Olympic cyclist Georgia Baker has passed the toughest test of her life.
The Perth 22-year-old emerged healthy and relieved from a three-hour operation to fix an abnormal heart-rate.
Coming just a couple of years after losing her father Patrick to a heart attack, the scare swiftly took precedence over Baker’s elite cycling career.
“It has put a hold onto things I wanted to do but at least now I can move on and start looking forward to my next goals,” Baker said.
“When I was having the operation I obviously found it hard not to think of Dad during that time but I felt I was doing the right thing.
“I felt sad and uncomfortable but more relieved that I was getting it fixed and would not have to feel that again.”
A triple world champion as a junior, Baker forced her way into last year’s Olympic track team following stunning victories in the National Road Series and Oceania track championships.
But after a high-speed crash derailed Australia’s team pursuit campaign in Rio, Baker returned to the road and was riding with the Orica-Scott team when her heart problem surfaced.
“We went to London for the women’s tour there and on the first stage I started getting horrible pains in my chest.
“My heart-rate was elevating and I had no control over it. We weren’t even actually racing, it was just the controlled start so we weren’t going hard but my heart-rate was through the roof and I knew it should not be like that.”
“I’d had a similar thing in Tasmania when I was motor-pacing with (coach) Matt Gilmore so I thought it was just a tight muscle across my chest and there was nothing much wrong.
“But in the end I thought you cannot muck around with this so I stopped and pulled out.”
Baker underwent further tests in Europe before the Australian chief medical officer advised returning to Australia.
“He said given the history with my dad, he did not want to leave any stone unturned because we still did not know what was wrong and I couldn’t ride my bike.”
After further testing in Adelaide and Melbourne, the former Perth, Scotch and Launceston College student was diagnosed with supraventricular tachycardia.
“I had an over-active nerve around my heart which makes it beat a lot faster randomly and I have no control over that.
“Even going from sitting down to standing up my heart-rate could increase to 130-140 beats per minute.
“It’s not uncommon but given it was happening every day and was getting worse, if I wanted to continue riding my bike and just being physically active I would need an operation.
" It was something I was born with and is hereditary. There is a high chance Dad had what I had but I’ve been told it’s not life-threatening so I don’t think he would have passed away from it but there may be some correlation.”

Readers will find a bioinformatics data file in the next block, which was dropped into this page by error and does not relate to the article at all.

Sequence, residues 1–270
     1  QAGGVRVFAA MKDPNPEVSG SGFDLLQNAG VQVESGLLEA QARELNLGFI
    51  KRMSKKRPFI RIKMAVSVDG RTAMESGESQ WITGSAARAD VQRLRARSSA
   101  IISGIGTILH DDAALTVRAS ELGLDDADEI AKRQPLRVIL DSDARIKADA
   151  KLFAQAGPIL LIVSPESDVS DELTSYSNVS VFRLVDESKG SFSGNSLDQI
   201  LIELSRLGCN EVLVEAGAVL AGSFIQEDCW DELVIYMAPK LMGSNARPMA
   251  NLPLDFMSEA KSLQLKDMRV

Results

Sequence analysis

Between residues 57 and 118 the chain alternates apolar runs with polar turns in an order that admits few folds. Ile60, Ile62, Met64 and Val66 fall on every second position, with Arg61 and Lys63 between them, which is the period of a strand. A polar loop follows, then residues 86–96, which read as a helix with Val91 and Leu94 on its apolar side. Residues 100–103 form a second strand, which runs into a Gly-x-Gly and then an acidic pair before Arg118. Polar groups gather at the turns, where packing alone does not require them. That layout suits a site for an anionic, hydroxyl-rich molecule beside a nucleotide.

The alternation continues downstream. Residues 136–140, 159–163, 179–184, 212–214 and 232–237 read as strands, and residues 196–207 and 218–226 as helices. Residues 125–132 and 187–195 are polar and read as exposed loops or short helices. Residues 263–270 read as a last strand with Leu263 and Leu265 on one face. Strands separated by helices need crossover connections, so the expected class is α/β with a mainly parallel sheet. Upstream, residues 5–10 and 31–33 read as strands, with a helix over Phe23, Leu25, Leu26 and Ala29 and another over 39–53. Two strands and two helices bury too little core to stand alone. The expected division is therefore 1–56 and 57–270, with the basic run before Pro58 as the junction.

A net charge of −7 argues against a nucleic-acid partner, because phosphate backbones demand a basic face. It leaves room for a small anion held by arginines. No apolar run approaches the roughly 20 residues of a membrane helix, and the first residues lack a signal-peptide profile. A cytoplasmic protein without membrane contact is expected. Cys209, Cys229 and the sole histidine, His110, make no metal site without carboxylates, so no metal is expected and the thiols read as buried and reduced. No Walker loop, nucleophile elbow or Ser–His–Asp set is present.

Cardiologist Prash Sanders performed the operation at Adelaide’s Wakefield Hospital on Monday.
“They had to burn parts of the nerve with a laser to fix it and I was awake throughout that. It was very painful.
“They did a really good job and are 95 per cent sure they got everything and if it did come back it would be really mild.
“I’m just glad they figured out what was going on because it’s been going on since June so I’m really happy it’s over and done with.”
Baker will take a week to recover before returning to training and is confident she can return to the sport’s highest level.
Oceania track championships in Cambridge, New Zealand, in November, the Commonwealth Games on the Gold Coast next April and the 2020 Olympic Games in Tokyo represent her goals.
“This has not put a stop on anything. If anything, it has made it a lot better because I won’t have to worry about it any more. Tokyo is definitely within reach, and so is Gold Coast – that’s my next goal.
“The last couple of years have been a real roller-coaster but I feel there’s been more downs than ups. I’m just glad to get this out of the way and I’m sure everything will turn around with my riding.
“After the Olympics it was pretty hard. I had not really dealt with the loss of my dad very well. When he passed away I had just two weeks home then was back into trying to make the Olympics.
“I had to face the fact that Dad was not around any more and that was hard to come to terms with but I’m making progress and now hopefully I’m onto positive things.
“I feel the worst has happened and I can only move forward so I’m looking forward to the next few years riding my bike.”